Brands like GTBank, which sponsor the GT Fashion Week, are big and prominent brands. When a designer gets the opportunity to showcase at their event and they leverage the platform properly, they end up shooting themselves to the sky. This is because the media coverage of these events and the the calibre of people that attend them are huge.
“One of the things that has greatly helped Mai Atafo succeed in the fashion industry, asides from the fact that he has invested in himself, is that he invested in fashion shows. The right fashion shows at that. He went through the right channels for PR and he got this from events like the GT Fashion Week and Lagos Fashion Week. Now, he has clients all over the world.”
These bigger fashion shows are platforms that push fashion brands to the world. It is, however, one thing be on these platforms and another to know how to use them. Many brands have greatly benefited from them.
These bigger fashion brands are doing a great job with showcasing African fashion to the world. Their consistency is phenomenal and their content is great. Every year, they grow and evolve to always create great content. They go the extra mile to do things differently from other brands.
In terms of tech for fashion shows, we are still lagging behind very much
As a whole, Nigeria is still a bit backwards and is more comfortable doing things the old-school way. Unlike other fashion industries outside Nigeria that have embraced virtual fashion shows, Nigeria’s fashion industry tends more towards physical events.
Unfortunately, because of our orientation, it will take a while before we can catch up with these other industries when it comes to going digital. Another thing that hinders the Nigerian fashion industry from embracing digital events fully is a lack of funds. Brands need a lot of funds to do digital fashion shows so we cannot get to that standard without a proper funding structure in place.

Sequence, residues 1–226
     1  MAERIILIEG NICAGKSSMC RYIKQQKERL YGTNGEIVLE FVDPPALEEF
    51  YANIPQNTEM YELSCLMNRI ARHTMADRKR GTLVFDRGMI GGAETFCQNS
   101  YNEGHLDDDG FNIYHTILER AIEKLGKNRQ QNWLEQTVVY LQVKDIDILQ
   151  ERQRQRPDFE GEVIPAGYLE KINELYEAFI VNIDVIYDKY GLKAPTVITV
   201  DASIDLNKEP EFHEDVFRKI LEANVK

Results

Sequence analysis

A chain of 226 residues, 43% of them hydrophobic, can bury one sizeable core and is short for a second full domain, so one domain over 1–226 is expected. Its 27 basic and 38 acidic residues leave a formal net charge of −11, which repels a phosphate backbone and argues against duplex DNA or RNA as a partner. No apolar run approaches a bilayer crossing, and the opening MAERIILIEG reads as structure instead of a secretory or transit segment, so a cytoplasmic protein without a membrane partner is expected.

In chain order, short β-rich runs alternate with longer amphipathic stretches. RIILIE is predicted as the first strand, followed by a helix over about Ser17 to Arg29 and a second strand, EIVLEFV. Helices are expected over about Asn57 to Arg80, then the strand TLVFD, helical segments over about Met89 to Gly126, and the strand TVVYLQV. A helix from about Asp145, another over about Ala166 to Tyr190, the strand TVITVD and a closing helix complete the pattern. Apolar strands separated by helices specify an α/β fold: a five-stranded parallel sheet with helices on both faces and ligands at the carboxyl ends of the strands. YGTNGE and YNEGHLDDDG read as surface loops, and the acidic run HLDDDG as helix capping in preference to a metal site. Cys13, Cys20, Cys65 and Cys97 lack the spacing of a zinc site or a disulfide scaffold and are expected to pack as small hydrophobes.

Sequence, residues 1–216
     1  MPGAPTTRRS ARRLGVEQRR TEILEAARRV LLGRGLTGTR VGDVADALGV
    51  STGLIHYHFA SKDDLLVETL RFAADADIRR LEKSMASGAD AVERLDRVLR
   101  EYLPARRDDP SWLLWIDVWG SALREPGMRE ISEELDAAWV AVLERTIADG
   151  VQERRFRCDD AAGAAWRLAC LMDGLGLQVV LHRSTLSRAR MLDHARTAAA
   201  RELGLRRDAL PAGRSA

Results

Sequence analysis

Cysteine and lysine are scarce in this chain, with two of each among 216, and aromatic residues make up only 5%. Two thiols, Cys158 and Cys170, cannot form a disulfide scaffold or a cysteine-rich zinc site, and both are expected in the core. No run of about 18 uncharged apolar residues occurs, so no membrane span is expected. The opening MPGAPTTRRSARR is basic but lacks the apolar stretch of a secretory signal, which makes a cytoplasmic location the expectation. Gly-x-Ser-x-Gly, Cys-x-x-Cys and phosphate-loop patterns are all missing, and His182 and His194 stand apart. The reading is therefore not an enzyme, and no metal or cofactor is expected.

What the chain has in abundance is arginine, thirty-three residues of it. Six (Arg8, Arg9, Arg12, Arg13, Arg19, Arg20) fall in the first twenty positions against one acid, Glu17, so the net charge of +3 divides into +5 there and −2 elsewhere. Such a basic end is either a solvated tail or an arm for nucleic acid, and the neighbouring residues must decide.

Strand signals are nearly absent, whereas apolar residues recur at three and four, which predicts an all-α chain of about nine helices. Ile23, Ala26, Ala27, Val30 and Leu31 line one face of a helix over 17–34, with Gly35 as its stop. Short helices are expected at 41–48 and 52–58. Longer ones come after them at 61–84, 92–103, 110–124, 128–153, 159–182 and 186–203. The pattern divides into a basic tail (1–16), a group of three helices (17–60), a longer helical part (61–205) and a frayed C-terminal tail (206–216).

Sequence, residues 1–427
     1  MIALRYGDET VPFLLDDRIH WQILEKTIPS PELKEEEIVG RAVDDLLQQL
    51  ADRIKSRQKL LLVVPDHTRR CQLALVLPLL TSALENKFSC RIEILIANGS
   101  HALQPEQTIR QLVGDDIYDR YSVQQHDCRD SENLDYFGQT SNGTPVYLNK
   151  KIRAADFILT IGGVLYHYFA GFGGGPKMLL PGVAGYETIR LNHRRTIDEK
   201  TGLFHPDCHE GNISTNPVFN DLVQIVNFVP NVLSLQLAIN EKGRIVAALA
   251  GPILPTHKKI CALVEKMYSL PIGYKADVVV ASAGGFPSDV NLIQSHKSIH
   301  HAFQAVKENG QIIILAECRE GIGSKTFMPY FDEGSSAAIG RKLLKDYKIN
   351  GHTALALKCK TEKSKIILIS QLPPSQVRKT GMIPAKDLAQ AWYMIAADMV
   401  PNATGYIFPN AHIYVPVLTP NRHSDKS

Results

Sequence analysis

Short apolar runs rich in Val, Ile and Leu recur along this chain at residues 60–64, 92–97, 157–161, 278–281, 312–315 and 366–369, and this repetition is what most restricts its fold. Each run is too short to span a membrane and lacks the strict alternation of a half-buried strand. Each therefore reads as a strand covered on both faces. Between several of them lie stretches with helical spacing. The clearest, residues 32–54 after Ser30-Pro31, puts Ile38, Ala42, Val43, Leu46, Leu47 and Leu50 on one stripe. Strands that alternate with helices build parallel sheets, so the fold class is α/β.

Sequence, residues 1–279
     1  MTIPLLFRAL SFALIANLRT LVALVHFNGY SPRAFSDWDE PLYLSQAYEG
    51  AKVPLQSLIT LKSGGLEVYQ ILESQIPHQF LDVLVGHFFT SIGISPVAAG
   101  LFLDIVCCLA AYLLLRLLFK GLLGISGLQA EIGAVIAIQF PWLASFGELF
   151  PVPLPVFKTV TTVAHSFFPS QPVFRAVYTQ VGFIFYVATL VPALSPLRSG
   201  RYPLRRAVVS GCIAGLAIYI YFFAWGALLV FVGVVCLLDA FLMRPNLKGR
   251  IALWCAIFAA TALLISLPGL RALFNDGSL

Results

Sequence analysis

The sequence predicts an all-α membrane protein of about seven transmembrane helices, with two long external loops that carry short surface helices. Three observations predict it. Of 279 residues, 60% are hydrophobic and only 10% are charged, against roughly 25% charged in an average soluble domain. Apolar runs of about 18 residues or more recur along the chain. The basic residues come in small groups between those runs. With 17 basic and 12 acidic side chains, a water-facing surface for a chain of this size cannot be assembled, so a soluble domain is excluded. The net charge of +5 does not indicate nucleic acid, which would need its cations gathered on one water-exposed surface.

“Pending the time that we can have people like investors, stakeholders, and people who believe in the dream of the fashion industry come in, we will still have to keep doing things the traditional way.”
Social media helps quite a bit but it is not as effective as it should be. A lot still needs to be put in place. With enough funding and lots of awareness, digital fashion shows can happen in Nigeria.
Newer fashion show brands have a model to follow in older fashion brands
With how well the big fashion brands are doing in the industry, newer fashion show brands can look up to them for guidance. Such fashion show brands can follow their model, attend their events and figure out what they can improve on at their events.
“I understudy Lagos Fashion Week and observe the way they handle their events. I am always trying to learn from what they do and merge my ideas with theirs to organise my events. These brands cannot come to teach us newer brands what to do because we are their competition, but we can learn from them.”
Learning from these bigger fashion brands, however, takes time. It does not happen in a year or two but extends over a longer period of time with consistency. Since they are big brands, they mostly showcase collections of big fashion brands because big brands pull a crowd.
With this, up-and-coming fashion show brands and fashion designers have to work together to help each other grow. Just like the big fashion show brands and big fashion designers grew together, newer fashion show brands can also grow along with newer fashion designers. Instead of showcasing collections at the fashion shows of newer fashion show brands just once or twice, newer fashion designers can consistently showcase their collections at the same fashion shows so they can help each other grow.
When fashion designers consistently work with the same fashion shows, it helps them grow and builds trust between them. It is a partnership that should flourish over time.
“Fashion shows in Nigeria can greatly benefit from support from fashion brands and sponsors of all sorts”, Awofesobi said. The fashion shows sector in Nigeria is growing rapidly and it can only get better from here on.